Located in the northernmost area, off of Santa Cruz Island, North Seymour is a small and flat island that was formed after the uplifting of the sea floor, a long time ago. Two weeks ago, it looked dry with palo santo trees completely naked, with no leaves; but today, all of the trees had recovered their greenery due to the last rainfalls which occurred a few days ago. After breakfast, we headed ashore to explore this island, and right from the very beginning we were greeted by Galapagos sea lions and colorful Sally Lightfoot crabs. As we walked into the interior, the lush vegetation contrasted with the dryness observed a few weeks ago. We observed some land iguanas climbing trees or bushes to eat their new green leaves, while others were trying to prevent overheating, resting along the shades under the rocks. One of the best attractions was a Galapagos dove nesting on a cactus tree, whose beauty was overtaken only by its meekness. Walking along the frigatebirds nesting area, we observed many males inflating a their colorful red pouch, that resembles a bright red balloon, and then flapping their wings and making loud sounds to get the attention of females.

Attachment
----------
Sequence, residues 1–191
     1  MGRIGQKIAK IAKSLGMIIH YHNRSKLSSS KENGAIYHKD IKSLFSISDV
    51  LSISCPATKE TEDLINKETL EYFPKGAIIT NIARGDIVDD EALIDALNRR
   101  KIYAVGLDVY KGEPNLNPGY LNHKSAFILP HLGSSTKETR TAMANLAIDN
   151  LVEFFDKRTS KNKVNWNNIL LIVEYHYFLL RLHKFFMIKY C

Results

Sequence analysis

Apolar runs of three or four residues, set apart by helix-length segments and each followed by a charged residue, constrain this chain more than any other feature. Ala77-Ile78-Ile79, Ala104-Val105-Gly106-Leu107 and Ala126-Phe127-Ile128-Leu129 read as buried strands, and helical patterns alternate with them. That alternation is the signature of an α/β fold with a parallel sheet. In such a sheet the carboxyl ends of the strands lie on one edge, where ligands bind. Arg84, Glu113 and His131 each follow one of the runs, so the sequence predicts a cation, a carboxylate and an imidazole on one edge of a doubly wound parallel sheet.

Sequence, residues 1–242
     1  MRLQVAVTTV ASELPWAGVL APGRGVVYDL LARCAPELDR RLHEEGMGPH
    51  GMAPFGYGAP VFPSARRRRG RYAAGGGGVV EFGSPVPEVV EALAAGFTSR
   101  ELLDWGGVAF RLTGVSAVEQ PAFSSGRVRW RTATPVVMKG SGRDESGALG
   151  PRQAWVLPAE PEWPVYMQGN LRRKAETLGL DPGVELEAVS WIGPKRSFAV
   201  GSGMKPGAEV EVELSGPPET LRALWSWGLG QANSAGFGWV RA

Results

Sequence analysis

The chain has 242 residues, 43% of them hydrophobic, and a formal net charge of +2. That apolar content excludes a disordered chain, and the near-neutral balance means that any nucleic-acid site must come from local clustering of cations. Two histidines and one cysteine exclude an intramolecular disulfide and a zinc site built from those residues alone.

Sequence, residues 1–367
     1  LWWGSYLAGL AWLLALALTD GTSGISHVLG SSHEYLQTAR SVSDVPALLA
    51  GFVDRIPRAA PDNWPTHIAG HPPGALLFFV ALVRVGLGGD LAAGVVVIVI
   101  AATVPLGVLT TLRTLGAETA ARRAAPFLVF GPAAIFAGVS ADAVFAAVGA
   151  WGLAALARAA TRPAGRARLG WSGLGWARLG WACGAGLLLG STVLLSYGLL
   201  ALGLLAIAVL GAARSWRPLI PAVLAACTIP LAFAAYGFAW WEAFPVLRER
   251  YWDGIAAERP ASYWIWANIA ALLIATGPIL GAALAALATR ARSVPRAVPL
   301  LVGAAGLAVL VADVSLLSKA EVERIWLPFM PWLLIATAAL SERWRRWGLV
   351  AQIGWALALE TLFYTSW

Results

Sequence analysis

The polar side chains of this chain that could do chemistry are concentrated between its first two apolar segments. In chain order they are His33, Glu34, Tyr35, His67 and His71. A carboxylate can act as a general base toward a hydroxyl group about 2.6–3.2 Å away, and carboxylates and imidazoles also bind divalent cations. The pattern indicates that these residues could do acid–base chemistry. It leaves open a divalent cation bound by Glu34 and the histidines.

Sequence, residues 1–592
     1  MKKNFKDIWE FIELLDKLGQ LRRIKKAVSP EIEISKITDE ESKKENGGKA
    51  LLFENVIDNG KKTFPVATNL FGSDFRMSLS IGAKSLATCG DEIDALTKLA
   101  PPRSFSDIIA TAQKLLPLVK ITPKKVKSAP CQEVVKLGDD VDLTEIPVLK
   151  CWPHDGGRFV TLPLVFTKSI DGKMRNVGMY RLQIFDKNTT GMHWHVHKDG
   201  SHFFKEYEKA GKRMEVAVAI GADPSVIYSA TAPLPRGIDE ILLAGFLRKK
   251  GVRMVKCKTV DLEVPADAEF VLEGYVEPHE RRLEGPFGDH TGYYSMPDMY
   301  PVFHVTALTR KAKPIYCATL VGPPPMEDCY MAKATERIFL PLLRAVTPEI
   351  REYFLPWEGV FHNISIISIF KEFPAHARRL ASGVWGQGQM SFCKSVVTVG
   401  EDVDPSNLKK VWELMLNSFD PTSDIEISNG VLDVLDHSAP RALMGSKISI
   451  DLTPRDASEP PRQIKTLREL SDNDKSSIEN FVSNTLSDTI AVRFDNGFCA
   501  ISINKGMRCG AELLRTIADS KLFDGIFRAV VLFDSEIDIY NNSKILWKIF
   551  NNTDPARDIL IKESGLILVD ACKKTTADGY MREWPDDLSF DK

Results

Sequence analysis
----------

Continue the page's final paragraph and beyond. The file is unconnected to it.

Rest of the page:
As we looked at frigates and their colorful pouches, we also encountered blue-footed boobies, who were also busy with their always entertaining courtship rituals. This involves sky pointing, offerings of nesting material, marching and wing shaking. Nowadays, sightings of this species of bird are becoming rare as their numbers are a bit low, so we were happy to see that they were hard at work, trying to attract a mate. Along with the birds, we also saw Galapagos marine iguanas sunbathing on the lava rocks along the coast. After a great morning on North Seymour, we returned aboard and headed towards Rábida Island, where we arrived just after lunch. We had many different options at this site. Some of our guests went snorkeling along the cliffs and found white tipped reef sharks, sting rays, black stripped salemas, parrot fish and lots of marine invertebrates. For our guests who wanted to see the marine life without getting into the water, there were a couple of outings on board our glass-bottom boat. Later into the afternoon we also had long and short walks on Rábida Island and found some Galapagos sea lions resting on the beach, while others were fishing off the coast. Just before sunset we returned aboard, leaving behind the incredible creatures that captivated us with their innocence and uniqueness in this magical place called Galapagos.